28th November 2009 - 12:19 AM
(I don't make weapons, sorry, but hi Sniperdel nevertheless)SiC is desired
in carbon fibres reinforced SiC. In fact, I believe (but am not quite sure) all Si is converted to SiC in these composites. Or at least at the fibre-matrix interface, the SiC phase is very useful to obtain a good bond.
Pure Si is, sadly enough, a very bad material for mechanical engineering because it's too brittle
. Let a single-crystal disk with D=50mm and t=300µm fall on concrete from h=100mm and it breaks. Pity, every other property would be fantastic. Invent a tough silicon alloy, and you may become famous and perhaps rich.
On the other hand, SiC has acceptable properties as a massive ceramic, as well as a filling in aluminium, titanium and steel cermet.
More, Si melts at 1414°C and SiC at >2730°C so formation of SiC at the fibre-matrix interface may well stop spontaneously, and SiC from the graphite electrode in the Si melt will be in small amounts, I'd say. Just let it sink in the melting pot.http://en.wikipedia.org/wiki/Silicon_carbide
So no single precaution is taken to avoid SiC, I guess.
Metallurgy in wagon quantities uses FeSi or similar, rather than pure Si, as silicon typically makes few % of common alloys. Though, you can get metallurgical Si from chemists like Wacker, as a step in the production of semiconductor Si.https://www.goodfellow.com
sells silicon in small amounts, even in non-semiconductor quality (price differs radically):https://www.goodfellow.com/home.aspx?LangType=2057
SI006015 Silicon Powder, Max. Particle size : 45micron, Purity : 99.5% 412€/200g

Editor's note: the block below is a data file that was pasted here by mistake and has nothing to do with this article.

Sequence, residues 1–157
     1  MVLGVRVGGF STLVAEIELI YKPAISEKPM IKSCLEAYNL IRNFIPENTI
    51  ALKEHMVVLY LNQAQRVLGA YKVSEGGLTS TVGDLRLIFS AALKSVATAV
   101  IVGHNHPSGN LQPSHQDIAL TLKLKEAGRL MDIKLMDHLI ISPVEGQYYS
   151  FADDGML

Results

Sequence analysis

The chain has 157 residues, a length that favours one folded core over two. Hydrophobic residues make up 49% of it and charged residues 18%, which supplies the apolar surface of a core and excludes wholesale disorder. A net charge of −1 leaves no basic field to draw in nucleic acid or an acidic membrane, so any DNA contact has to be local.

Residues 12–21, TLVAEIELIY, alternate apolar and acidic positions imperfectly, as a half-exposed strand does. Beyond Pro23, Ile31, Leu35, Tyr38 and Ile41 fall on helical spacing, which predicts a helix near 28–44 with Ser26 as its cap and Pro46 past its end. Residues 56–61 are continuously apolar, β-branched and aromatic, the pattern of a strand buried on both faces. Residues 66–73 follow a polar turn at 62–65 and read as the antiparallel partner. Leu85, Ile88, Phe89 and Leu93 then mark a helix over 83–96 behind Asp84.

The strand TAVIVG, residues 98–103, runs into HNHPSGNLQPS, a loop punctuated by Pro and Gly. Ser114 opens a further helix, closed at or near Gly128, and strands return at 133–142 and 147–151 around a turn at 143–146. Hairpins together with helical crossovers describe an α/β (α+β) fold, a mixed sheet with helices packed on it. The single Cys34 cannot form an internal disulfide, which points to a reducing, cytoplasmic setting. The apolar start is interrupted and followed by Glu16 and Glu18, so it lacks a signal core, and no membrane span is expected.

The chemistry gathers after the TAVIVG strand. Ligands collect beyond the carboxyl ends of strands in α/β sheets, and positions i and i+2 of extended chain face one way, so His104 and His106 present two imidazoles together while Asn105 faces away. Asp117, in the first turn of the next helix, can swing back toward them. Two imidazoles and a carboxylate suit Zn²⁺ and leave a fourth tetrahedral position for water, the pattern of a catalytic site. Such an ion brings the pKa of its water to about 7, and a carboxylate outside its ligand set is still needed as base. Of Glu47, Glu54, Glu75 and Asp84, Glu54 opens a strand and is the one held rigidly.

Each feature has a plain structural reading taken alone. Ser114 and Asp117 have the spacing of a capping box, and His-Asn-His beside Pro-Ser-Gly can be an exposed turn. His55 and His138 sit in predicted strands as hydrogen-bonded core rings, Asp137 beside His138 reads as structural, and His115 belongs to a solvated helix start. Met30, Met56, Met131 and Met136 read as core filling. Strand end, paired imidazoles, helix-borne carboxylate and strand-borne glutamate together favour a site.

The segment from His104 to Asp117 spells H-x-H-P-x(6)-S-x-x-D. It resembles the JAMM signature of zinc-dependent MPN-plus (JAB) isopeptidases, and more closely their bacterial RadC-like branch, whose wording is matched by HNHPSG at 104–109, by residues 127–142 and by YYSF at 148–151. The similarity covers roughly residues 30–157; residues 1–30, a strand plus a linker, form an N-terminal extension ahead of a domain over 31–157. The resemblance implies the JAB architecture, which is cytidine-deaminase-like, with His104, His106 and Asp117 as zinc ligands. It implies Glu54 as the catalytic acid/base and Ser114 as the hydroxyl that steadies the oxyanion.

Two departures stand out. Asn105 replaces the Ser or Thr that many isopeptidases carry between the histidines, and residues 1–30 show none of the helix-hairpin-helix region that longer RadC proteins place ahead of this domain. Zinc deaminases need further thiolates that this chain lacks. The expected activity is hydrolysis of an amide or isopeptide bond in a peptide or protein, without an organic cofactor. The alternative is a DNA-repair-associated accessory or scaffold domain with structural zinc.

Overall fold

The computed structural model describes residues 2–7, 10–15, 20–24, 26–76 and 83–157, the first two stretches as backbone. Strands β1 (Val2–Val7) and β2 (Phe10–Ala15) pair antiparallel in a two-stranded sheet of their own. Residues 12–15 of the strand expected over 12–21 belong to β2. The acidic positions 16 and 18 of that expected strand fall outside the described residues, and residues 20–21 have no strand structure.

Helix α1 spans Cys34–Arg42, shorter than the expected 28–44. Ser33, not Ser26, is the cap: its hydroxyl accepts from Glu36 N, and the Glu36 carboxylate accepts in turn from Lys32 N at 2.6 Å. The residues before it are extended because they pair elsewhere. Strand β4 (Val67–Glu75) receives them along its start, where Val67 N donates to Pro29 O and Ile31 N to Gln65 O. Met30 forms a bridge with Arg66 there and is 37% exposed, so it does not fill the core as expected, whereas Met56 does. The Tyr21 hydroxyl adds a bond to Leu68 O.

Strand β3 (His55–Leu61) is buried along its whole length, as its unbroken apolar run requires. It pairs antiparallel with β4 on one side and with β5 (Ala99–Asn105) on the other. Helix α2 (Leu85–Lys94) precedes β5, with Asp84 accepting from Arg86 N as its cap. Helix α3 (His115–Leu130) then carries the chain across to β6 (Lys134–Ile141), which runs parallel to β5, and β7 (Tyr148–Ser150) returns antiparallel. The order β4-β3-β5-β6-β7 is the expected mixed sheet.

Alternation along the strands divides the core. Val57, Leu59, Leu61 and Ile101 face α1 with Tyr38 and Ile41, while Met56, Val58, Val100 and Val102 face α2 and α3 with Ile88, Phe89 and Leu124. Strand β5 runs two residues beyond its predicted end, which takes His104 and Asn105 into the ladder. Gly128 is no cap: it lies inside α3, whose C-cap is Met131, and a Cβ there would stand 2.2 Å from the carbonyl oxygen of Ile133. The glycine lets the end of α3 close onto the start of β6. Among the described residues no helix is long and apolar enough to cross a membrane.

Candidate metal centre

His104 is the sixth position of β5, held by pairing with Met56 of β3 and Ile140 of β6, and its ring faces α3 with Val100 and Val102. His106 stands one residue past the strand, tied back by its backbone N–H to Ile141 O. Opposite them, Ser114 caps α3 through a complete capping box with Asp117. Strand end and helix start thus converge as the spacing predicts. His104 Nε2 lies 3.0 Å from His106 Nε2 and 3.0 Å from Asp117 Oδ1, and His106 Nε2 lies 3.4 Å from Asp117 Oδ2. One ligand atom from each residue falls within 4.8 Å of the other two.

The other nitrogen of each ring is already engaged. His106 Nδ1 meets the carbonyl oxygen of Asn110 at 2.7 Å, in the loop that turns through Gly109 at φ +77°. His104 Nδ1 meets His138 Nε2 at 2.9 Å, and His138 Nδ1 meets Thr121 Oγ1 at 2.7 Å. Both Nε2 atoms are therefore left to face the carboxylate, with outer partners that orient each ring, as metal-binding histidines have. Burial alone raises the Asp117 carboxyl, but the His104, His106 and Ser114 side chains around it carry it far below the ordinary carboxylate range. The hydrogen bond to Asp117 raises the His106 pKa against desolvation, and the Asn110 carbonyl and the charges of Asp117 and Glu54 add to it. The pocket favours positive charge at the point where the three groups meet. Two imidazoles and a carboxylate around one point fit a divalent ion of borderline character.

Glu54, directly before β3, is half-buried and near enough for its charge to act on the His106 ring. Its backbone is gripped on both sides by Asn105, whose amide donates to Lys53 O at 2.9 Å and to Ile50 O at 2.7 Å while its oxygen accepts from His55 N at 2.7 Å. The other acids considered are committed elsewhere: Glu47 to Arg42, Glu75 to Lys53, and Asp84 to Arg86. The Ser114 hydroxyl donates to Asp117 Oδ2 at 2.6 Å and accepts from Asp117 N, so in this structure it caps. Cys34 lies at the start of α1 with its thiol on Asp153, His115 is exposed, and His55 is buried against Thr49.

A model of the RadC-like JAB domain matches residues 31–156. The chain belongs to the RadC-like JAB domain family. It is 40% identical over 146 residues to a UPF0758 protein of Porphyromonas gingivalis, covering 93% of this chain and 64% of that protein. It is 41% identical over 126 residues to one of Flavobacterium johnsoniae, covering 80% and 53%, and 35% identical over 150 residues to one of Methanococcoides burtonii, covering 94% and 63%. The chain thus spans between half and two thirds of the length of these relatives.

SI006010 Silicon Powder, Max. Particle size : 150micron, Purity : 97.5% 568€/2kghttp://www.advent-rm.com/items.asp?criteri...nenumber=SI9002
really looks like broken remains of wafers...
Graphite electrodes: I guess they dissolve slowly in silicon, just like in steel. Melting temperatures are similar anyway.
Having some C in the molten Si that will convert to SiC is no drawback, or even an advantage if you want to dissolve less C from the fibres. Could much more C in the liquid save you the impregnation-carbonization steps?
And if you want (improbable) to avoid this carbon, just heat silicon by another method. It doesn't need huge temperatures.http://www.webelements.com/silicon/
If you want to make trials on existing parts before producing yours, you can buy some. I got some from DLR
in Germany. Porsche lets produce parts as brake material.
Fingers crossed for your turbine - at least at first sight, it looks like a good idea. As brake material, SiC is excellent for short-term high temperature, resistance to heat gradients and shocks, relatively good heat conductivity (for a ceramic) and low thermal expansion. DLR can certainly tell you more about long-term oxidation. Don't forget impact resistance.
I didn't need cooling channels nor other complicated forms on brakes; maybe you can obtain them at initial shaping. Once SiC is obtained, the composite can only be grinded, not milled nor turned.